A Balanced Approach

Dan Lenington on September 11, 2014

Tightrope walker

As a youth pastor, I am interested in finding the most biblical and effective environment for the preparation of children and teens for a lifetime of service and outreach for the cause of Christ. Unfortunately, there are two extremes that each hinder this purpose in different ways. One extreme is what I will call the integration error, and the other is what I call the isolation error. The integration error permits children and teens to fully experience worldly influences without the constant reinforcement of a biblical worldview. The isolation error, on the other hand, seeks to remove children and teens from any interaction with the world for fear that they will be corrupted. Every family falls somewhere on the spectrum between these two sides. Some are much closer to one extreme or the other.

I was raised in a conservative family in a rural setting. We had few neighbors and only occasionally did I have a neighbor my own age. We also homeschooled for most of my grades. However, I had weekly contact with teens and kids at church and other activities. These were mostly Christian kids from stable families. On the side, my parents were involved in reaching out to children from difficult situations in two of the three churches we attended. However, it wasn't until I turned 15 that I got a full dose of what the world is like. I started a job at Wendy's and came face to face with underage smoking and drinking, promiscuity, frequent cursing, and rough attitudes. I was somewhat shocked to see how my peers in the world behaved. Rather than creating curiosity in me, it quickly turned me off to their lifestyle because I could see how empty and miserable they all were. God used this experience and my dissatisfaction with the spiritual tone in the two Christian schools I attended to push me toward youth ministry.

As I think about my experience and that of many other Christians, I'm reminded of the words of Christ. John 17:14-16 says, "I have given them thy word; and the world hath hated them, because they are not of the world, even as I am not of the world. I pray not that thou shouldest take them out of the world, but that thou shouldest keep them from the evil. They are not of the world, even as I am not of the world." We could summarize by saying, "We need to be in the world but not of the world." We need to be in the world and interacting with the world so that we can be salt and light (Matt. 5:13-15), but if we become like the world, our salt has lost its savor and our light has been hid. Paul makes a similar statement in 1 Cor. 5:9-11, "I wrote unto you in an epistle not to company with fornicators: Yet not altogether with the fornicators of this world, or with the covetous, or extortioners, or with idolaters; for then must ye needs go out of the world. But now I have written unto you not to keep company, if any man that is called a brother be a fornicator, or covetous, or an idolater, or a railer, or a drunkard, or an extortioner; with such an one no not to eat." Paul was commanding Christians to avoid spending time with Christians in sin but not to avoid the unsaved. Salt and light are only useful in places that need salt and light!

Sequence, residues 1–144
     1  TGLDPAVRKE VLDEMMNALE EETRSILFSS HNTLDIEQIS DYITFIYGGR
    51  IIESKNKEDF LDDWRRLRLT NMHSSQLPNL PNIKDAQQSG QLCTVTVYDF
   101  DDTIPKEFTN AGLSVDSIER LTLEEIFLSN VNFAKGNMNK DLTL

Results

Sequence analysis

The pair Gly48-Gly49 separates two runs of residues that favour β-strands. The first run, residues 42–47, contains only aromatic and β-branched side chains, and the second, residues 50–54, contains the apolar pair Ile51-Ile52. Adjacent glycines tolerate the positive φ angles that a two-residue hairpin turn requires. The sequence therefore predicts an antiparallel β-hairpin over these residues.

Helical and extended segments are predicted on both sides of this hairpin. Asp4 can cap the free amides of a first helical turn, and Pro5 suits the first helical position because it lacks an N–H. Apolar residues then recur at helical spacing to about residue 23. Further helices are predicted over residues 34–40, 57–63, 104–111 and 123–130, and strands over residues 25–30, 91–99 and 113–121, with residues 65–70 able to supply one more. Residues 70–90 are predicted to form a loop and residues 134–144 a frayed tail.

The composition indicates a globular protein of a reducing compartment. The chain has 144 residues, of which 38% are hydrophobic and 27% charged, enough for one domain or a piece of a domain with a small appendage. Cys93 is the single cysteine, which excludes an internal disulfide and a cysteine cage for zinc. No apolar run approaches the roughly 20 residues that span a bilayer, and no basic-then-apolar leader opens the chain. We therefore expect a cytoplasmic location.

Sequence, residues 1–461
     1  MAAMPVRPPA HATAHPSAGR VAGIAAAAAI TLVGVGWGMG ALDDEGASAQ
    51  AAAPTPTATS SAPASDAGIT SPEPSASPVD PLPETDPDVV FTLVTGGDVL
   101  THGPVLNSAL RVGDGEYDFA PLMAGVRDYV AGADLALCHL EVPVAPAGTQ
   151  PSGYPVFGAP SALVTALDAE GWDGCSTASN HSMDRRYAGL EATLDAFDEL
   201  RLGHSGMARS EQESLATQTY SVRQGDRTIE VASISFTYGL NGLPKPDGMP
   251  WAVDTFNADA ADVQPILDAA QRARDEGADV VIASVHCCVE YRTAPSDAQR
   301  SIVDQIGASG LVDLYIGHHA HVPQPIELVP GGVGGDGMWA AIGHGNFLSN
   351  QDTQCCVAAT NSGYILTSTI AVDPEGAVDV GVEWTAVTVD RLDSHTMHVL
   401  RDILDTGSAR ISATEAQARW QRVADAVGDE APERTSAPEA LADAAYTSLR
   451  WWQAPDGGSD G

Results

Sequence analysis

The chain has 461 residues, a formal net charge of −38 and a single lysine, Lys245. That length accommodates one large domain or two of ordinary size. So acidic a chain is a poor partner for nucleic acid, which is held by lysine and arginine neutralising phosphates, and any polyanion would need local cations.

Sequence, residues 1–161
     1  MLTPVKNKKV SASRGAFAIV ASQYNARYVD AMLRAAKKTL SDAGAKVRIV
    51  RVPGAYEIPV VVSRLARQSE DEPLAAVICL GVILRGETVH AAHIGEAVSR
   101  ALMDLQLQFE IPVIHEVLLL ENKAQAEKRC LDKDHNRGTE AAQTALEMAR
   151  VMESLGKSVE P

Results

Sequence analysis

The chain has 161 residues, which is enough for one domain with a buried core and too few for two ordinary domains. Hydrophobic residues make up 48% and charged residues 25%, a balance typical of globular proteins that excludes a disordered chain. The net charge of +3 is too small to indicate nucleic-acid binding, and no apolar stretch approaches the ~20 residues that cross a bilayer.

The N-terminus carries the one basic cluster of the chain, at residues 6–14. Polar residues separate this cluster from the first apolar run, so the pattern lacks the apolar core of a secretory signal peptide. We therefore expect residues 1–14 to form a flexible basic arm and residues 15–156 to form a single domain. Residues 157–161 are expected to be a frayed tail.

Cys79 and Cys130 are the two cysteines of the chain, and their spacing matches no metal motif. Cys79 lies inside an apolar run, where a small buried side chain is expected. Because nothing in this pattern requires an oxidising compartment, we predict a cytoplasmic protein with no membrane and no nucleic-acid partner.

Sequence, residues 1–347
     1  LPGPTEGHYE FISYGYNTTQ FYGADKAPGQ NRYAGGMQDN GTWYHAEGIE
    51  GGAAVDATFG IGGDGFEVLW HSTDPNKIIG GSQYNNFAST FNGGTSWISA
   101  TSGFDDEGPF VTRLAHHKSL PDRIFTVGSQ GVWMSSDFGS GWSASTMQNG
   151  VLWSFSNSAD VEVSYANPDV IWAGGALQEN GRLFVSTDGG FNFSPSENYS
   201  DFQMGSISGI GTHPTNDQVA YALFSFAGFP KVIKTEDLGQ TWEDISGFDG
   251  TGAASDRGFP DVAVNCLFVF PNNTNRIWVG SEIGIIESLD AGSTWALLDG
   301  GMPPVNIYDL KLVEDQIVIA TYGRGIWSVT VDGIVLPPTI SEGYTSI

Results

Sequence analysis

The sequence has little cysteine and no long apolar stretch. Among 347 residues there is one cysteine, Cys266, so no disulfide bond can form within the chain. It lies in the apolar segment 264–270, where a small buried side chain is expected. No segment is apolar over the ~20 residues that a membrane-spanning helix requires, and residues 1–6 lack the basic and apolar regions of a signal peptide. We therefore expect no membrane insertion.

Many families struggle to find the proper balance between integration and isolation. In fact, the balance may be slightly different for each family. I know families that have been destroyed by public school and some that have been destroyed by over isolation which bred rebellion. I also know families that have survived public school and been salt and light there, and I have known homeschooled children that have thrown off their standards to run headlong into the world (these are not the norm, however). Each parent must find the proper balance for their family's individual needs through observation of their children and much prayer. My goal with the youth ministry here at Grace and Truth Bible is to provide a structured environment where teens and children can meet their peers and learn to be a witness in a closely supervised structure. We want to bring unsaved children and teens to church where they can be saved and discipled. We also want saved and growing children and teens to have an opportunity to be salt and light to their peers. This is why we have a two class structure for both the children and teen age group starting Oct. 1st. The teen Foundations class and the children's Bible Club classes are designed for unsaved or new believers, while the teen Disciples class and the children's Master Clubs classes are designed for saved and focused youth. As a youth shows evidence of salvation and a desire to grow spiritually, he is invited to join the advanced class where he can be challenged to grow in the Lord. The teen classes and the children's classes are combined for their respective game times and activities to provide a structured environment for our children and teens to learn how to be salt and light. We are excited about the great opportunity for balance this new structure will bring to our children's department!